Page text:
“When you arrive we will have a lovely fruit salad waiting for you.” These were the words that marked the end of my first conversation with Nicole Joseph-Chin, social entrepreneur and founder of Ms
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Illegal, unreported, unregulated fishing
If a tree falls in the forest, but there’s nobody around to hear the sound, did it really happen? Let’s rephrase that a bit. If a fish is taken from the ocean, but there’s nobody around to document it, did it really happen? Out of sight may be out of mind, but for the one billion people who depend on the ocean for their livelihood illegal, unreported and unregulated fishing, or IUU, is very real. US$23.5 billion dollars of reality.
That’s the estimated value of fish stolen from the oceans by fishermen who don’t play by the rules. Law-abiding fishermen lose out. The mass of fish involved is staggering: 26,000,000,000 kilogrammes of fish, or one in five fish caught, is stolen.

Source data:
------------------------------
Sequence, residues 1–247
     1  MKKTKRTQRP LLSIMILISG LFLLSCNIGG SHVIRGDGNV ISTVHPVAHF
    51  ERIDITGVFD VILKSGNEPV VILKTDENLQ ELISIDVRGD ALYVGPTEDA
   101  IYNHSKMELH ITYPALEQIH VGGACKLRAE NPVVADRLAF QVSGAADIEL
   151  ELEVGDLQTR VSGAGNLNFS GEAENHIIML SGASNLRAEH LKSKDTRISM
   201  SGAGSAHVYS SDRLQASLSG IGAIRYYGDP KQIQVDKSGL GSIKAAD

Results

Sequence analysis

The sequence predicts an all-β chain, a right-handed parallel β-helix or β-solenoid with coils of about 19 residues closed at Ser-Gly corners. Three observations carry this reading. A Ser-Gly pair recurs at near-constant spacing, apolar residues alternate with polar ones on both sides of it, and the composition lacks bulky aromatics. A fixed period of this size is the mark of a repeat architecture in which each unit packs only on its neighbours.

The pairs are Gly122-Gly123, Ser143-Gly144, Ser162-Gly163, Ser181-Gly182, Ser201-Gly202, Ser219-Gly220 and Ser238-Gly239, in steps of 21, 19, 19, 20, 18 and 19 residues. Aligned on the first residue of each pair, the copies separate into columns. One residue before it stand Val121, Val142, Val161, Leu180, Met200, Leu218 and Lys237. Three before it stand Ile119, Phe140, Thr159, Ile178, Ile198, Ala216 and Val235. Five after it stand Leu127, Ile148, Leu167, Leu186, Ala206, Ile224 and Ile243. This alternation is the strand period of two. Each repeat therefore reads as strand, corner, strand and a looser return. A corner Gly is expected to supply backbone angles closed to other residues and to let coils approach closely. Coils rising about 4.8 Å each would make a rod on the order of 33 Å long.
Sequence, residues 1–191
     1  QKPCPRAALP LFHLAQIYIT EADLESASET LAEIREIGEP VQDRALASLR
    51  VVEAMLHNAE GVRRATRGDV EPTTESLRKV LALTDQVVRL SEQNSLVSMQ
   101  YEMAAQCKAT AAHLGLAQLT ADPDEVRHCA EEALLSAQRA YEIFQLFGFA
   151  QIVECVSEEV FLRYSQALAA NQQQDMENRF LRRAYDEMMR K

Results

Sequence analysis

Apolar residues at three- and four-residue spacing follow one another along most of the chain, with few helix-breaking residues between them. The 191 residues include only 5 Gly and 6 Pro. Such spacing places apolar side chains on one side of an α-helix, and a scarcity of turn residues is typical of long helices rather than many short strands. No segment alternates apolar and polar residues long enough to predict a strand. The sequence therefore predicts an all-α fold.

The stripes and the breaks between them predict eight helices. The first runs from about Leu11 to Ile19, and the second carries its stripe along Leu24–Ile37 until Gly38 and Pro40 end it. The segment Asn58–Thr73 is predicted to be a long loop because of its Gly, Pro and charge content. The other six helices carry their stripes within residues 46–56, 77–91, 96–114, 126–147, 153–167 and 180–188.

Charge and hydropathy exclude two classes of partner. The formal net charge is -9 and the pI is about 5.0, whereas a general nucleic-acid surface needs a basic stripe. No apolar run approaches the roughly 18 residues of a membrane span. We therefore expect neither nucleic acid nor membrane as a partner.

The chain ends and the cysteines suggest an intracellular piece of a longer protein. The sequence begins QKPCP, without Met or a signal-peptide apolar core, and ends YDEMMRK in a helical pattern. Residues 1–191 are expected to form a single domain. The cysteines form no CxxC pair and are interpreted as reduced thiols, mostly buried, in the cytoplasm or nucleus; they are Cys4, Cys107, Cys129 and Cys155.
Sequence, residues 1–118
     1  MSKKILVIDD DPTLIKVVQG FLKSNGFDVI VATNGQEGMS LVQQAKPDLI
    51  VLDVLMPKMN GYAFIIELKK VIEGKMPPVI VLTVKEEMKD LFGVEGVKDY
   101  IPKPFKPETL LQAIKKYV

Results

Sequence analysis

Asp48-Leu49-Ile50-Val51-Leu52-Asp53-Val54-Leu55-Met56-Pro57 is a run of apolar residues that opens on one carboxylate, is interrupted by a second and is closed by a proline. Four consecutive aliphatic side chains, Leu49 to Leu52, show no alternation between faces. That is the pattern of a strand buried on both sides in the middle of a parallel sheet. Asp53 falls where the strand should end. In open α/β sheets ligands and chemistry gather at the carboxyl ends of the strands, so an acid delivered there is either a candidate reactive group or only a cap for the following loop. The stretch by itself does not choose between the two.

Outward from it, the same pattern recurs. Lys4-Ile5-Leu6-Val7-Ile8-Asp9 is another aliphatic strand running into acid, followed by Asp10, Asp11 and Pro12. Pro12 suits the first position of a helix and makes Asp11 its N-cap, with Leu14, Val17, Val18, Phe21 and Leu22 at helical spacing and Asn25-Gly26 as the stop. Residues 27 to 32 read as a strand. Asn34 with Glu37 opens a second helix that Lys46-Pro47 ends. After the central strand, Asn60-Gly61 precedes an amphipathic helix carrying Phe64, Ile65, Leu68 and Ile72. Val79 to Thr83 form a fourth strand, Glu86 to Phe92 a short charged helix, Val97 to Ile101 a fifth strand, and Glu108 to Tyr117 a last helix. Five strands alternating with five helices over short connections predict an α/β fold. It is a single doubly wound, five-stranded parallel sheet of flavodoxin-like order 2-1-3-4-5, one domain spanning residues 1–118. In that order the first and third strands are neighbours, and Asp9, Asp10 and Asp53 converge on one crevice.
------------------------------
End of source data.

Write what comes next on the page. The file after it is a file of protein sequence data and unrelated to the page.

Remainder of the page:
It’s not just fishermen who suffer from IUU, but also sovereign states that depend on revenue from fish resources for their economic wellbeing. They are being robbed of their fair share of local and global quotas. Research has shown that there’s a strong link between governance and “pirate fishing,” which may be a better way of describing IUU. A disproportionate amount of pirate fishing takes place in developing countries.